It’s one of the most awe-inspiring sights I’ve ever seen: molten lava...
It probably implies too much to say that leaving Anchorage, Alaska, is the best part of Anchorage, Alaska. But if you take that as a slam on Anchorage, it might be that you’ve never driven the Seward Highway out of town.
“The economics of the future is somewhat different. You see, money doesn’t exist in the 24th century… The acquisition of wealth is no longer the driving force in our lives. We work to better ourselves and the rest of Humanity.” Jean Luc Picard
A world without money and paid work is, of course, pure science fiction, socialist-seeming, nonsense. Except that future is already here, at least partially. We know because we’re already living a variation of that future along with a growing rank of others.
Every afternoon like clockwork we’d watch this female bald eagle emerge from her nest outside Seward, Alaska, to wait for her errant partner to return with food for the family. We rarely saw the male or the two eaglets whose heads would only sometimes pop above the rim of the nest, but we could always count on mama to take this same afternoon perch.
We’re told that bald eagles mate for life and return to the same nest year after year. Each breeding season the couple adds to their home and builds the largest tree nests of any animal. The nests grow so large, up to a metric ton in weight, that they’ve been known to take down the tree in which they’re built. Fitting, wouldn’t you say?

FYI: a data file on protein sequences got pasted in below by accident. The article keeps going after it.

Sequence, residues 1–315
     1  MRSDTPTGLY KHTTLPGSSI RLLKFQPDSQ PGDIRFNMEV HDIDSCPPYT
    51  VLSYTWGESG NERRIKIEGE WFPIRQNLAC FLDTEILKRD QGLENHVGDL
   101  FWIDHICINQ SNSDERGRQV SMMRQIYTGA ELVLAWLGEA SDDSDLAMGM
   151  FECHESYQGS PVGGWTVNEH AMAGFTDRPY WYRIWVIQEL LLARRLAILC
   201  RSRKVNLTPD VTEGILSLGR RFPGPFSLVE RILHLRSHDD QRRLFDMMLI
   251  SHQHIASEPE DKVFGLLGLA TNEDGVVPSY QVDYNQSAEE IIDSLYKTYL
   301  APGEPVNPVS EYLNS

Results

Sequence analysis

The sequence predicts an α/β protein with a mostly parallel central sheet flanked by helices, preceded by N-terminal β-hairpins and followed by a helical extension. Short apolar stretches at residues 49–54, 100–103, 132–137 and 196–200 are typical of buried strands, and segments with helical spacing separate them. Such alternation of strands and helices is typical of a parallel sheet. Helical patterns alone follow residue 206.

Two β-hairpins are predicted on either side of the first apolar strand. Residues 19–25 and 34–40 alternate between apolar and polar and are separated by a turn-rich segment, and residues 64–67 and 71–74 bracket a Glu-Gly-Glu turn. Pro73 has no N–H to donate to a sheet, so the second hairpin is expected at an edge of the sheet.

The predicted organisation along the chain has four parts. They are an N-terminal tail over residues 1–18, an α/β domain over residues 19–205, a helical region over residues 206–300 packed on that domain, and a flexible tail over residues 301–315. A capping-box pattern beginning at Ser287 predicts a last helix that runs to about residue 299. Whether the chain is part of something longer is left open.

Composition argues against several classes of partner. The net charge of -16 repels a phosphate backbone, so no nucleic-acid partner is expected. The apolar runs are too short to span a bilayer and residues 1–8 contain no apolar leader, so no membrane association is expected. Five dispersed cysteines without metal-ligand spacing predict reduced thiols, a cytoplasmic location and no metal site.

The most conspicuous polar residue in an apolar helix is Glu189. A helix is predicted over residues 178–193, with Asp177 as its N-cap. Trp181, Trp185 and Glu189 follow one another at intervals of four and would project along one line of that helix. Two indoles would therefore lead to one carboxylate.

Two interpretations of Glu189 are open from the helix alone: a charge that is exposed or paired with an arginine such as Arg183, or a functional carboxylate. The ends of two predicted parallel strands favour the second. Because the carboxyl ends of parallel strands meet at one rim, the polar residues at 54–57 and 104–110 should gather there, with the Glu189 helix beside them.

When I see women traveling with backpacks larger than mine, sometimes I feel a flash of envy. What are they stashing in the extra space? More shoes? A hair dryer? Faced with the challenge of packing for a six-week trip to Hawaii and Alaska in a 40-liter backpack, I almost gave in to size envy and upgraded.
I’m glad I didn’t. Despite the fact that my backpack was purchased for a nine-week Central American trip that required solely hot weather wear, the same reasons I originally selected it still trumped the enticement of another pair of shoes.
First, a larger backpack would mean frequently being separated from it—checking it at airports, surrendering it during bus rides or airport taxis—and I’m kind of neurotic that way. I like arriving at my destination knowing I’ll have my clothes and other essentials in hand. With six flights on the Seattle-Hawaii-Alaska-Seattle itinerary alone, that would be six times a bag could go astray; and since we’re frequently in places for a short amount of time, often only a night or two, reuniting with an errant bag could be difficult.
Second, being on the move so much means having to re-pack every few days. The less stuff, the shorter amount of time that chore takes.
Third, the bigger the bag the heavier it is to tote around.